“I had always relied so heavily on my ear. Since I was little, I would dissect what I heard musically into all the separate parts, which I learned that not everyone does. If I sang a melody, I could hear the entire thing realized in a four-part texture. That was just the way that my brain processed music. So it was exciting to learn theory, because I learned the names for all the things that I was hearing,” McKinley says.
During her years in college, she did start to write some music, but still not much. It wasn’t until her first show at the Crepe Place that the floodgates opened.
In no time, she had enough music to fill her debut album Chestnut Street, which she recorded only a few months later. By December, she had enough material to play that hour and twenty minutes of mostly original songs at the Kuumbwa for her CD release show.
“The most terrifying thing about writing songs is [the fear that] you’re going to be expressing all your deepest darkest feelings and that no one’s going to like it. Once I started gaining positive reactions, I felt more comfortable with whatever instincts I had, and just sort of gave myself permission at last to just write what I heard in my head. Now I’m always thinking of five songs at a time,” McKinley says.
When she did debut her music in a public forum, unlike most musicians, she was already a refined performer with a unique voice and a unique sound, not to mention her actual singing voice and musicianship was well beyond musicians with decades more experience.
“She had a pretty clear sense of what she wanted to do even before she knew exactly how to do it. She has a clear vision of her music,” Kissell says.
On “Chestnut Street,” the album’s title track, she creates an orchestra of sound using only her voice. She builds wordless vocal arpeggios one at a time (an effect she does flawlessly live, using her looping pedal), giving it the gentle bounce of classic jazz combined with late ’60s chamber-pop. About a minute and a half in, she begins singing actual words on top of it. (“I can hear the pitter patter of the rain/and I’m watching all the cars imitating shooting stars out my window.”) The two lines repeat through the remainder of the song.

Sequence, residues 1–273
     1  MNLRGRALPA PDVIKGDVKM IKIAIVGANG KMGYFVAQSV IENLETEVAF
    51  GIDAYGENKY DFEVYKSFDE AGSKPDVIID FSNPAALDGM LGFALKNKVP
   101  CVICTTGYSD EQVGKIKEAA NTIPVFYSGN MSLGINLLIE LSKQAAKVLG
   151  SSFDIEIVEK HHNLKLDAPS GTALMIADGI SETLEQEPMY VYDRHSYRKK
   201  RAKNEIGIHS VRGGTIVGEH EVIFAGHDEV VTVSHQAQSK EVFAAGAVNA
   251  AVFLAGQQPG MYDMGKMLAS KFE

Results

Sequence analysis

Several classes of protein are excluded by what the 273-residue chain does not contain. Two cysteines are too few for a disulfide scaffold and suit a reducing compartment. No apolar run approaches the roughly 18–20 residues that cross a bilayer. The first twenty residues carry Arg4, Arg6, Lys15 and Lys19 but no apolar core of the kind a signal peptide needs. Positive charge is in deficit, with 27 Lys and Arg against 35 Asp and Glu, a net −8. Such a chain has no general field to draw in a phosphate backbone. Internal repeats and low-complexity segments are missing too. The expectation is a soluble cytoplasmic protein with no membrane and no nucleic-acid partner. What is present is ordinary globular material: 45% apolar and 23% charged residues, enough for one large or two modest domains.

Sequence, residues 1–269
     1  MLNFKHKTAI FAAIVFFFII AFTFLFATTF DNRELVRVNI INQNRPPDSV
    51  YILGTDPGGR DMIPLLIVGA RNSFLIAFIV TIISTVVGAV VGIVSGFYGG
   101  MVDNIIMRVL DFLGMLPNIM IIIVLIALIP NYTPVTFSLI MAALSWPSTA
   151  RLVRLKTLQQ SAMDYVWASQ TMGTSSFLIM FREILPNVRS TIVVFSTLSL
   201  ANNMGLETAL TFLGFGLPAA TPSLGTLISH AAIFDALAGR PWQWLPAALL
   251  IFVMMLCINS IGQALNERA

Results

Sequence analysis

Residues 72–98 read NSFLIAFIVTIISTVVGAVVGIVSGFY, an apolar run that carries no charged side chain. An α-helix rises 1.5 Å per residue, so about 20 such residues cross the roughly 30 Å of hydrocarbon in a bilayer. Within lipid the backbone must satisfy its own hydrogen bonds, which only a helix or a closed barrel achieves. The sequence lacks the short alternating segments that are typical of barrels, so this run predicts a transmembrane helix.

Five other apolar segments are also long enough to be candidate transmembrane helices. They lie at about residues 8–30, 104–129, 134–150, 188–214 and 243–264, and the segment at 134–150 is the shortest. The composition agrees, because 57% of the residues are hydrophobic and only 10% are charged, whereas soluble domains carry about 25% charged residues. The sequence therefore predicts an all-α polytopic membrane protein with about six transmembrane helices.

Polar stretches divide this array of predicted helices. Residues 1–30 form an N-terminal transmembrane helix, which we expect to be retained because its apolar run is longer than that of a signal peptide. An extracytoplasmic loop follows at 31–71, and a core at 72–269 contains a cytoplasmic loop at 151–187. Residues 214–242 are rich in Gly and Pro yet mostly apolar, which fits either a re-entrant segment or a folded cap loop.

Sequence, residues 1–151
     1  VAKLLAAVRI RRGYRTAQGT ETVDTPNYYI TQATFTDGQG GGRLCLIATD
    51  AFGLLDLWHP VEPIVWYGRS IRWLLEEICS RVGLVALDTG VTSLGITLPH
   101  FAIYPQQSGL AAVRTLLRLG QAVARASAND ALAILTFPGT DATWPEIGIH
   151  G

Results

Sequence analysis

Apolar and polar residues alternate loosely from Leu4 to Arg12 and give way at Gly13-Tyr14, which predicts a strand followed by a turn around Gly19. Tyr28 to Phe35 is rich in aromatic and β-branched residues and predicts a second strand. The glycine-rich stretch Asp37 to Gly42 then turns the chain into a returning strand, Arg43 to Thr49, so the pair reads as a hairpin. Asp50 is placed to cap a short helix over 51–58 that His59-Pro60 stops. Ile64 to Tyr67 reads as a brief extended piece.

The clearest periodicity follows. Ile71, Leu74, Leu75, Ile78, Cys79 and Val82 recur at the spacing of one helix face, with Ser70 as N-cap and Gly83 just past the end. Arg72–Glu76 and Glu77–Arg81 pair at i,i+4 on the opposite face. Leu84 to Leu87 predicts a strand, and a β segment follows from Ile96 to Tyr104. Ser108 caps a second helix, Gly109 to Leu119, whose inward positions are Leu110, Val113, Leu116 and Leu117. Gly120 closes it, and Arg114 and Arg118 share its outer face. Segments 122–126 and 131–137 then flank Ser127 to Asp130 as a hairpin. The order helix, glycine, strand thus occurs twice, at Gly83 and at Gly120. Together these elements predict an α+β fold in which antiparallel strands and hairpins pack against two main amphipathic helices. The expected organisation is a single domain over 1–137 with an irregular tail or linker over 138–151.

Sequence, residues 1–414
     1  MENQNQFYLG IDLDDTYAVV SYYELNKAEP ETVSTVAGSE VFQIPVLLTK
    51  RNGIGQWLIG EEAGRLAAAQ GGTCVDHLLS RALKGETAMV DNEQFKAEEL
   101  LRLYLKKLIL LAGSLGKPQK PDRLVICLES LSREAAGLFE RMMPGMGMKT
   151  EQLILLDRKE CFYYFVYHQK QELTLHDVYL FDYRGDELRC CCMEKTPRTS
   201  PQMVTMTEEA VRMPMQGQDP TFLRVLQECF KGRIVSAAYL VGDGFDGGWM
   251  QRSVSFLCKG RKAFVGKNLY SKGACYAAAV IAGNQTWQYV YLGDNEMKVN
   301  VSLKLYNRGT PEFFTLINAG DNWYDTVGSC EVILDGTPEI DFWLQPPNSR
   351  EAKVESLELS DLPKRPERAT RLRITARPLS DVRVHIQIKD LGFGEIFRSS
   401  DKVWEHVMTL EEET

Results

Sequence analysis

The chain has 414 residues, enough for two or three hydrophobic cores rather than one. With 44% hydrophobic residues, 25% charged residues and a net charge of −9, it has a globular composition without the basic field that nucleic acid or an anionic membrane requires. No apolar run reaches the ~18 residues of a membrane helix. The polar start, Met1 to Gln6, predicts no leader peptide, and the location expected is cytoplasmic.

The album gets its name from a house she was living in on Chestnut Street while she wrote most of the material. The title song, like others on the album, evokes very specific sensory and emotional experiences from the time she spent there.
McKinley recorded almost everything on Chestnut Street completely on her own (with the exception of “An Ode to John Hartford’s ‘In Tall Buildings,’” which also has Jeff Wilson on the banjo). Most of the songs are just McKinley and her acoustic guitar, and a couple are just her and her vocal looping pedal.
As complex and nuanced as her songs end up, they generally just begin as these wordless repeating melodies which she struggles to make sense out of.
“I’ll hear the melody, and I instantly run home and record it. I want to save it. I want to coddle it and help it grow. I keep singing it over and over again until I run upstairs and record it. It happens all the time, which makes it hard to listen to other music sometimes. My brain feels full,” McKinley says.
Building a Band
Even though the Kuumbwa CD release show was an introduction of McKinley's work to many, it also marked the end of her time as an exclusively solo performer—not that she hasn’t still performed alone on stage since then, but she has also embarked on the process of collaborating with other musicians, which she finds herself more and more drawn to.
In April, she played as part of the Club Kuumbwa series, and at the Do It Ourselves Festival, which she helped organize. For both shows, she brought a band that included Jan Purat (violin), Alex Bice (drums, vocals), Jack O’Brien (upright bass), Emily Meehan (backing vocals) and Rob Marshall (backing vocals).
“At this point in my life, I am so much more interested in music as collaboration. I really like the idea of working with a number of different people, and hearing their interpretations. You make a bigger sound that features more people. That’s what I’m most interested in, not having the spotlight, not being the superstar, but just making music with other people that want to make music for people that want to hear that music being made,” McKinley says.